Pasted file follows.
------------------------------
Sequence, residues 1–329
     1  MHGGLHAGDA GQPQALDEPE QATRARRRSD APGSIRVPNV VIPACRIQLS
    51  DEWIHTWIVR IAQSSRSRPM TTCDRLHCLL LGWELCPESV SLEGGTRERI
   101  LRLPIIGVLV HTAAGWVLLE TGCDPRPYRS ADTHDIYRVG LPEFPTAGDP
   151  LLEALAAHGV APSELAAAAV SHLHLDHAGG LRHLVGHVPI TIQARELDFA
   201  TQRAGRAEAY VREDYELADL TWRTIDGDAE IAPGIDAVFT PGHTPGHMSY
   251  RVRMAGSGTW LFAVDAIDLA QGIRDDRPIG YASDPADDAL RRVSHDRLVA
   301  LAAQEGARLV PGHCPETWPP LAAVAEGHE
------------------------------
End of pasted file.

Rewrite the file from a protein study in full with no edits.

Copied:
Sequence, residues 1–329
     1  MHGGLHAGDA GQPQALDEPE QATRARRRSD APGSIRVPNV VIPACRIQLS
    51  DEWIHTWIVR IAQSSRSRPM TTCDRLHCLL LGWELCPESV SLEGGTRERI
   101  LRLPIIGVLV HTAAGWVLLE TGCDPRPYRS ADTHDIYRVG LPEFPTAGDP
   151  LLEALAAHGV APSELAAAAV SHLHLDHAGG LRHLVGHVPI TIQARELDFA
   201  TQRAGRAEAY VREDYELADL TWRTIDGDAE IAPGIDAVFT PGHTPGHMSY
   251  RVRMAGSGTW LFAVDAIDLA QGIRDDRPIG YASDPADDAL RRVSHDRLVA
   301  LAAQEGARLV PGHCPETWPP LAAVAEGHE